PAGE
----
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Investors in Brixmor Property Group (NYSE:BRX) have made a notable return of 61% over the past three years

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Thanks in no small measure to Vanguard founder Jack Bogle, it's easy buy a low cost index fund, which should provide the average market return. But you can make better returns by buying undervalued shares. To wit, Brixmor Property Group Inc. (NYSE:BRX) shares are up 39% in three years, besting the market return. Zooming in, the stock is up a respectable 14% in the last year.

So let's assess the underlying fundamentals over the last 3 years and see if they've moved in lock-step with shareholder returns.

Check out our latest analysis for Brixmor Property Group

To quote Buffett, 'Ships will sail around the world but the Flat Earth Society will flourish. There will continue to be wide discrepancies between price and value in the marketplace...' By comparing earnings per share (EPS) and share price changes over time, we can get a feel for how investor attitudes to a company have morphed over time.

During the three years of share price growth, Brixmor Property Group actually saw its earnings per share (EPS) drop 9.3% per year.

So we doubt that the market is looking to EPS for its main judge of the company's value. Since the change in EPS doesn't seem to correlate with the change in share price, it's worth taking a look at other metrics.

The revenue drop of 3.8% is as underwhelming as some politicians. The only thing that's clear is there is low correlation between Brixmor Property Group's share price and its historic fundamental data. Further research may be required!

The company's revenue and earnings (over time) are depicted in the image below (click to see the exact numbers).

earnings-and-revenue-growth
earnings-and-revenue-growth

We know that Brixmor Property Group has improved its bottom line lately, but what does the future have in store? This free report showing analyst forecasts should help you form a view on Brixmor Property Group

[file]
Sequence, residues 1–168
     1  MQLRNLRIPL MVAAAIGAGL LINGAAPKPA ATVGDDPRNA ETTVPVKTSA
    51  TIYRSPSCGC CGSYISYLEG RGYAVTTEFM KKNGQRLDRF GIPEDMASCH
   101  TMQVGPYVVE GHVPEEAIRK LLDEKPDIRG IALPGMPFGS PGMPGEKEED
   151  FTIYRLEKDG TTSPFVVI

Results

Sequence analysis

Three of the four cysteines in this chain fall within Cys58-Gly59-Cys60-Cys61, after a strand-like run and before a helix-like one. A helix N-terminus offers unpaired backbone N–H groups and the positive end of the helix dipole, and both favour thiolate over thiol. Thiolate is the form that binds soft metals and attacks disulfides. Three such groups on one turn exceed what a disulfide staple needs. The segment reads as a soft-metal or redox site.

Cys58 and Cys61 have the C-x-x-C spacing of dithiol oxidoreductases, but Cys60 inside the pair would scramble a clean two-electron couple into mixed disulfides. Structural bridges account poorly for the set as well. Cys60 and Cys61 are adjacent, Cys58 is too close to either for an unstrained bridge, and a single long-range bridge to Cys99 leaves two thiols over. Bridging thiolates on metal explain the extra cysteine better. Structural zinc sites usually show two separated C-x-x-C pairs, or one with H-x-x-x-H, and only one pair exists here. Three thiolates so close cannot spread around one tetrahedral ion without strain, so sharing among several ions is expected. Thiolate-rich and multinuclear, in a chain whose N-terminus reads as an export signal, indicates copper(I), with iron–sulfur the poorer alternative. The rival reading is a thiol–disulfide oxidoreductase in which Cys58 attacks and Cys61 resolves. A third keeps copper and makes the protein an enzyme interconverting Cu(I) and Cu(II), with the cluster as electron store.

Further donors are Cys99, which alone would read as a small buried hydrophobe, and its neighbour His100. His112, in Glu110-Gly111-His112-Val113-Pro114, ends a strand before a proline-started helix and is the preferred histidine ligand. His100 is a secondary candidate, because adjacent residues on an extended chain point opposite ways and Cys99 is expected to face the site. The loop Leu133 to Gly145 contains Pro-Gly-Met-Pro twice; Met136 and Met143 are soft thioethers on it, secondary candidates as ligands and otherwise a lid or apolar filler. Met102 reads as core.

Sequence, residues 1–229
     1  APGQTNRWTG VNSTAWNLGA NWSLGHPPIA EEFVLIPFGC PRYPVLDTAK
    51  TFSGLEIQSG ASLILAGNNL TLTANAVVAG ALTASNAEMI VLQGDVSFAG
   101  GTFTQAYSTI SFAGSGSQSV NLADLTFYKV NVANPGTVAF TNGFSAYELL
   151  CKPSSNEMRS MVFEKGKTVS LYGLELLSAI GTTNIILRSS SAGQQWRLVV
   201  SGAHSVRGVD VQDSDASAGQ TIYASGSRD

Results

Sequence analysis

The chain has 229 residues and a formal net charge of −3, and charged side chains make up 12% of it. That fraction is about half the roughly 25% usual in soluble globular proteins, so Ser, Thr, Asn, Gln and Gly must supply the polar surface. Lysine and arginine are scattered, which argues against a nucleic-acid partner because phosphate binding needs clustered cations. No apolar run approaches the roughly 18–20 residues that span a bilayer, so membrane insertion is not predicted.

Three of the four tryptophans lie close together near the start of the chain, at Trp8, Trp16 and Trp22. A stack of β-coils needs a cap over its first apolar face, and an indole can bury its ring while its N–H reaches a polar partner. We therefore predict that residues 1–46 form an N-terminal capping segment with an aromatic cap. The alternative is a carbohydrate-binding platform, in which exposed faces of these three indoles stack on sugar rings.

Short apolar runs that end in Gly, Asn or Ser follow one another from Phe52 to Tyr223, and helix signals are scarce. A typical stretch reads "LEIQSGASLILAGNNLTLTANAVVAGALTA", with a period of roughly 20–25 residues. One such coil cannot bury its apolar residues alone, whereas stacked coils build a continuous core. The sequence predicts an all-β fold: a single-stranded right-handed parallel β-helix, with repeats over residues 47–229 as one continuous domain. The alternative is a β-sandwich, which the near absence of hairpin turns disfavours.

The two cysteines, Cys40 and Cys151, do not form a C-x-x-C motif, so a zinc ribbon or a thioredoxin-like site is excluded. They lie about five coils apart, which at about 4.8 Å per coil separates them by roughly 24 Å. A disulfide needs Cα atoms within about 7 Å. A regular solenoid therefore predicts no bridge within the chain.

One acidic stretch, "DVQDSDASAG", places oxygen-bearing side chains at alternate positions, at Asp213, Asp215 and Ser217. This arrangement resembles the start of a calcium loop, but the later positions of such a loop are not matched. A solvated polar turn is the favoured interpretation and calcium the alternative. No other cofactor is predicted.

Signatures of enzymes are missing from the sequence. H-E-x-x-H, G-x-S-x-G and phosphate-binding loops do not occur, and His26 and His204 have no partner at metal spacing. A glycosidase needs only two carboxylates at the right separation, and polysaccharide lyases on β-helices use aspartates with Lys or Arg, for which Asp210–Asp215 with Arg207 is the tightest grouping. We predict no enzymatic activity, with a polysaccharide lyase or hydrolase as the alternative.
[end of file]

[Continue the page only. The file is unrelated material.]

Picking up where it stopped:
What About Dividends?

As well as measuring the share price return, investors should also consider the total shareholder return (TSR). The TSR is a return calculation that accounts for the value of cash dividends (assuming that any dividend received was reinvested) and the calculated value of any discounted capital raisings and spin-offs. Arguably, the TSR gives a more comprehensive picture of the return generated by a stock. We note that for Brixmor Property Group the TSR over the last 3 years was 61%, which is better than the share price return mentioned above. This is largely a result of its dividend payments!

A Different Perspective

It's good to see that Brixmor Property Group has rewarded shareholders with a total shareholder return of 18% in the last twelve months. Of course, that includes the dividend. That gain is better than the annual TSR over five years, which is 11%. Therefore it seems like sentiment around the company has been positive lately. Someone with an optimistic perspective could view the recent improvement in TSR as indicating that the business itself is getting better with time. I find it very interesting to look at share price over the long term as a proxy for business performance. But to truly gain insight, we need to consider other information, too. For instance, we've identified 3 warning signs for Brixmor Property Group (1 is potentially serious) that you should be aware of.

Of course Brixmor Property Group may not be the best stock to buy. So you may wish to see this free collection of growth stocks.

Please note, the market returns quoted in this article reflect the market weighted average returns of stocks that currently trade on US exchanges.

Have feedback on this article? Concerned about the content? Get in touch with us directly. Alternatively, email editorial-team (at) simplywallst.com.

This article by Simply Wall St is general in nature. We provide commentary based on historical data and analyst forecasts only using an unbiased methodology and our articles are not intended to be financial advice. It does not constitute a recommendation to buy or sell any stock, and does not take account of your objectives, or your financial situation. We aim to bring you long-term focused analysis driven by fundamental data. Note that our analysis may not factor in the latest price-sensitive company announcements or qualitative material. Simply Wall St has no position in any stocks mentioned.